The ties of hatred that bind

The connection between North American Evangelism and homophobia in Uganda

Hatred for LGBT* people is spreading like wildfire in Uganda, but many of the arsonists are from North America. 

It may seem like a stretch to blame North American evangelism for the crescendo of homophobia in Uganda, but there is strong evidence to suggest there is a powerful and influential link.

The blind hatred towards homosexuals among evangelicals is a phenomenon that has persisted for decades, and has become a populist sentiment and political tool among its organizations in North America.

One of the organizations in America that is at the forefront of this movement is The Call, founded by extremist-evangelist Lou Engle.

During a rally for Proposition Eight in California, Engle called for martyrdom among Christians in order to eliminate homosexuals.

He preaches medieval, religious dogma that argues homosexuals are possessed by demons and that they embody evil; he therefore advocates that society must “cleanse” itself of homosexuals. 

Although lacking any sort of contemporary rationale, it nonetheless seems to be a convincing argument among people who choose to look for easy answers. 

Polls, referendums and the outcome of the U.S. midterm elections all suggest that there are a growing number of people that agree (to some degree) with people like Engle, and they come from a variety of ethnic groups (they don’t all epitomize Ned Flanders from The Simpsons). 

Engle has expanded his organization to different countries, including Uganda. The Call Uganda has 10 Pentecostal pastors working for it, and is headed full-time by American evangelist JoAnna Watson of the group Touching Hearts International.

The goal of the group is to “awaken and revive the young and the old, men and women, church and family, government and the public to fight vices eating away at our society.” The worst of these vices, in their opinion, is homosexuality.

North American evangelists have been invited by these groups to speak to Ugandans about how to “cure” gay people.

Organizations like these have become so powerful and influential in Uganda that the media has caught on too. The Ugandan tabloid Rolling Stone, not to be confused with the American pop culture magazine, recently published the names, addresses and pictures of over 100 individuals believed to be homosexual.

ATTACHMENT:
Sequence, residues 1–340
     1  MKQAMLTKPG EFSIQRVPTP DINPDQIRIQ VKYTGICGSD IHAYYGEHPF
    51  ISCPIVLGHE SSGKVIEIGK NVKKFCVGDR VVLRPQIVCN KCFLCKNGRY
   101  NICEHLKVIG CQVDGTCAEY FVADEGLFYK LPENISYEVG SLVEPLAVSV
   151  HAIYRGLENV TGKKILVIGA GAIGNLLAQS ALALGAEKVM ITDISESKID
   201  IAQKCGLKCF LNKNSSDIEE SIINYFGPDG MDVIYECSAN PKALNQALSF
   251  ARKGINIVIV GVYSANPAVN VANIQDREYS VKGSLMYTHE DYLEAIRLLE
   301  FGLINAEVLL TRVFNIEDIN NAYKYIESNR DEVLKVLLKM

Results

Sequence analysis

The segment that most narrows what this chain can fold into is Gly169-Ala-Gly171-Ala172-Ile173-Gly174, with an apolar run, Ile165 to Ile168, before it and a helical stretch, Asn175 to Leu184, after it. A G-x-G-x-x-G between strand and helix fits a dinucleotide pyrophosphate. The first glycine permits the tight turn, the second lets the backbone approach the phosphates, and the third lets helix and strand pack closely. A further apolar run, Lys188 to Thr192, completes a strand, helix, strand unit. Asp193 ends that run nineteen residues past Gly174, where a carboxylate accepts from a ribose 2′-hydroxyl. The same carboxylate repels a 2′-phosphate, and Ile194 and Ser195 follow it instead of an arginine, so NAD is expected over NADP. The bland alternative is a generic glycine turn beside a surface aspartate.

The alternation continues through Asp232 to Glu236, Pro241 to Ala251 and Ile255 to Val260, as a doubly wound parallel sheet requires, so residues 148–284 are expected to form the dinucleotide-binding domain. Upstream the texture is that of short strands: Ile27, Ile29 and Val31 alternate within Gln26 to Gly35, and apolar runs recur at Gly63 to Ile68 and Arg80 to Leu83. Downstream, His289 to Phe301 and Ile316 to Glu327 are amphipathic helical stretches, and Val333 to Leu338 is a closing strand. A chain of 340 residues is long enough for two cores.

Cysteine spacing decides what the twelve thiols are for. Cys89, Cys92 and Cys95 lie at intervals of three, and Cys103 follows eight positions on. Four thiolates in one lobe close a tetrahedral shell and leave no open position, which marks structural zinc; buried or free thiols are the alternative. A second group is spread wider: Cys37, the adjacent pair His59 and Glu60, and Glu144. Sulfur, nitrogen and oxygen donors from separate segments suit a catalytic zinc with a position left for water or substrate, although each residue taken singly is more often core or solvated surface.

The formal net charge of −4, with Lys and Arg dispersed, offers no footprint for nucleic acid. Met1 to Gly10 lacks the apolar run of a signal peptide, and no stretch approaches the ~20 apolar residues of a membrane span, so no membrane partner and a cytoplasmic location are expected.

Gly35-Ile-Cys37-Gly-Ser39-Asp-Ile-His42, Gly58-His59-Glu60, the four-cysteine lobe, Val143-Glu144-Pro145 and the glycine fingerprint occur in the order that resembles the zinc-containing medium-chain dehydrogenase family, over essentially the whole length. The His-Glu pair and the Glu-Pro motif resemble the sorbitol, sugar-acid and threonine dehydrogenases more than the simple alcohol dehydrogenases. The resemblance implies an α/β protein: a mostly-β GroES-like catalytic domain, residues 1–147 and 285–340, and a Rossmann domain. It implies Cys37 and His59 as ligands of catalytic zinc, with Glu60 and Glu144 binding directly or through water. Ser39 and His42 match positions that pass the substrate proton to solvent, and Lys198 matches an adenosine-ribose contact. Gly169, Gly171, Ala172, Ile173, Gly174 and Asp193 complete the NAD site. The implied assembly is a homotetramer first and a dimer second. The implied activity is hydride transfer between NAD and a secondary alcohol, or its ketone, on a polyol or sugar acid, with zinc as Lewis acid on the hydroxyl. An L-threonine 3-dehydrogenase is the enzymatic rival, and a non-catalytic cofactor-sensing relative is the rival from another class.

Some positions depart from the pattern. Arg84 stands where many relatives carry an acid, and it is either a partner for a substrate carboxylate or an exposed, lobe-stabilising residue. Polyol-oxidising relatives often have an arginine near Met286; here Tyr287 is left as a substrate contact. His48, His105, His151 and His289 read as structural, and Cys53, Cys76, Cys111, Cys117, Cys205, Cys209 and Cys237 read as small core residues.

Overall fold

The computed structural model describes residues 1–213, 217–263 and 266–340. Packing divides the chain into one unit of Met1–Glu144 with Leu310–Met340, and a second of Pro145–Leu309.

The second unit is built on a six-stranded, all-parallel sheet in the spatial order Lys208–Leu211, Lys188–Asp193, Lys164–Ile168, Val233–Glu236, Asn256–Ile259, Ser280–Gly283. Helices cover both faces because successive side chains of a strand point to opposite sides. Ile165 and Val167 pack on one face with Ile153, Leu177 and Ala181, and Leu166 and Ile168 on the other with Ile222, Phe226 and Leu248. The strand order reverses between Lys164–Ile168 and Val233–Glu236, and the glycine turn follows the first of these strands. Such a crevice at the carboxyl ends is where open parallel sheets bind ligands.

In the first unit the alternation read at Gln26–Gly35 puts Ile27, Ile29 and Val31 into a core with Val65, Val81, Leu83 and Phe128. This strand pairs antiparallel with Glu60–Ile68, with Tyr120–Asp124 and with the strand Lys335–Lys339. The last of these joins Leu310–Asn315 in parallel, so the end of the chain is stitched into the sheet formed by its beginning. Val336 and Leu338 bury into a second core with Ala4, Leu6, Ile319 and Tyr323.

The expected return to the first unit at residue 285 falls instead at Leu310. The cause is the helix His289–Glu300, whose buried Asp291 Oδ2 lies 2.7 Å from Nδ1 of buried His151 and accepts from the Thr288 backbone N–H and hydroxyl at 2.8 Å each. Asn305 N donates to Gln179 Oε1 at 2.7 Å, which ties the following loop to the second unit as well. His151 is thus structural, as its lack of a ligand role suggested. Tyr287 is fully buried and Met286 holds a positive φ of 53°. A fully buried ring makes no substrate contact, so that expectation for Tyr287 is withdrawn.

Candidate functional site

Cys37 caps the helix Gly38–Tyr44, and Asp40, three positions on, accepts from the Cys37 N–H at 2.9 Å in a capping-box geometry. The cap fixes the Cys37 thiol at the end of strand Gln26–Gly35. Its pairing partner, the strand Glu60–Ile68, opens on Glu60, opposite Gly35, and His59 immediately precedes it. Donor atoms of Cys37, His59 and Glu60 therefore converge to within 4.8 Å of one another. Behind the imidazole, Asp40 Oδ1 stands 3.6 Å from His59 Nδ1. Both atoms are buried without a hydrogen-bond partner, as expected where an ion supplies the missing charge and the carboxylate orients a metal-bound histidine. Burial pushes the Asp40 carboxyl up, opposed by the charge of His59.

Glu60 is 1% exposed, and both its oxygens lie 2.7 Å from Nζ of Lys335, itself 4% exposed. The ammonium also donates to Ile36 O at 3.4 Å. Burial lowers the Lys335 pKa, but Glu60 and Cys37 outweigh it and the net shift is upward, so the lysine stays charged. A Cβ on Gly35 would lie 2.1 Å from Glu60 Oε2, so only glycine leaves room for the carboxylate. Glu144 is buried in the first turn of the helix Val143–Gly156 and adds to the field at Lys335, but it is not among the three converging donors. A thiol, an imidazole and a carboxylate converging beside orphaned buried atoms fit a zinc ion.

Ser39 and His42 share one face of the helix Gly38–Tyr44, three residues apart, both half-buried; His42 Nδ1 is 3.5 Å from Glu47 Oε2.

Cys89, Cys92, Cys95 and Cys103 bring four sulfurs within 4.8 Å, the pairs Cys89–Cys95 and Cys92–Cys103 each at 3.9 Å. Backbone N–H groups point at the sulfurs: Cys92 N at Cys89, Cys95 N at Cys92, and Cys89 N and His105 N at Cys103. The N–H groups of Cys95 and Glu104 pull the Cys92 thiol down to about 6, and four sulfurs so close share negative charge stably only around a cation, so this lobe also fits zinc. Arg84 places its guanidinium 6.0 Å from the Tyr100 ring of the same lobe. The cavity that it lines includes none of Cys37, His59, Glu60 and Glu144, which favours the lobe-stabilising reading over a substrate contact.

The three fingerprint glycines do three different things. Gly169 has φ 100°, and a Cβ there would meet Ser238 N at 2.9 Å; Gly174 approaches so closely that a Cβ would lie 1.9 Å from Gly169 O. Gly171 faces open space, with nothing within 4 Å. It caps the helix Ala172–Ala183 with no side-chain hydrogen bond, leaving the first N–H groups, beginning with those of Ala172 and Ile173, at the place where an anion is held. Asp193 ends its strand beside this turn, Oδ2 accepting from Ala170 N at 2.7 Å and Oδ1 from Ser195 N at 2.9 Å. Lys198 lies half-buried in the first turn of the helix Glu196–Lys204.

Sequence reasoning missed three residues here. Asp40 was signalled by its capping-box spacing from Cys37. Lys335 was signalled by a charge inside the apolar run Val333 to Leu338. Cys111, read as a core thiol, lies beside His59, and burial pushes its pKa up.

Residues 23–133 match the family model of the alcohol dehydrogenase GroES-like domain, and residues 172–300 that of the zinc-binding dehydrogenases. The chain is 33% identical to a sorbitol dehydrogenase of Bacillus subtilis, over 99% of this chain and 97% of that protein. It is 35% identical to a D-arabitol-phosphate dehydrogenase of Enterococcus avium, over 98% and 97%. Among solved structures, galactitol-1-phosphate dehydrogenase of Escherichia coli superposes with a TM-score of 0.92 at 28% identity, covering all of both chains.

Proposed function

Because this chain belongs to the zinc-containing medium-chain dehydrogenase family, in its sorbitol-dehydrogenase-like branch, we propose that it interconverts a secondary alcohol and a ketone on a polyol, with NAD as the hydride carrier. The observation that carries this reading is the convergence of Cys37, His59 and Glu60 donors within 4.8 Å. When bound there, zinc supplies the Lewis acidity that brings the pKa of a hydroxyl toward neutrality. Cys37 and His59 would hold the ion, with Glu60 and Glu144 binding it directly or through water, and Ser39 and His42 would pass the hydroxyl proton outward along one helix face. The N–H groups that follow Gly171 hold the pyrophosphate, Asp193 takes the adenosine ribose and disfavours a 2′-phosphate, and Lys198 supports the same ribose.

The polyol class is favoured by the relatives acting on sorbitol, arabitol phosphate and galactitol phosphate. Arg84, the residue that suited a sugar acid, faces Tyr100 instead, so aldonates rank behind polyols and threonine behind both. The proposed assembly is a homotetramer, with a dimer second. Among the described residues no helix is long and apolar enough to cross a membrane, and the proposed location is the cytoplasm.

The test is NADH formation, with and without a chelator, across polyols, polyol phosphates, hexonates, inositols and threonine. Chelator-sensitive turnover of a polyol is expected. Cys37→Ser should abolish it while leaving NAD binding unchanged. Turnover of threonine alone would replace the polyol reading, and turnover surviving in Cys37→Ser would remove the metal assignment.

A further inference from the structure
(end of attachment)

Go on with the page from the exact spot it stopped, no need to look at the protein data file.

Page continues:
North American Evangelists have been invited by these groups to speak to Ugandans about how to “cure” gay people

The information was printed along with a caption that read, “Hang them.” Pointing out their sexual “crimes,” it blatantly encouraged their removal from Ugandan civil society. 

Although this particular case was deemed illegal by a Ugandan judge, there are no laws in place to prevent other members of the media from doing the same. 

Recently, the Ugandan parliament approved a bill that criminalizes homosexuality, with sentence lengths varying depending on the act committed.

Currently, a bill that would allow for the execution of homosexuals is on hold, but some political analysts in Uganda are saying support for it is so strong that it could be passed as early as next year.

Unfortunately for Uganda’s sexual minorities, the U.S. government’s former attempts to deter Uganda from such measures are currently on hold.

The Republicans just won an overwhelming majority in congress, relying heavily on Tea Party support. The Tea Party’s base is overwhelmingly evangelical and many of their rallies have demonstrated anti-homosexual sentiments.

As a result, it will be very difficult, if not impossible, for Democrats to generate enough support for intervention in Uganda. 

But there is still hope that Uganda could change course. It will require a realization among progressives that addressing anti-homosexuality in Uganda means taking on the anti-homosexuality movement in North America as well. 

Progressive transnational social movements have been successful with a variety of matters before, and it can be effective in this case too.

Matt Austman is a politics student at the University of Winnipeg.

Published in Volume 65, Number 11 of The Uniter (November 11, 2010)

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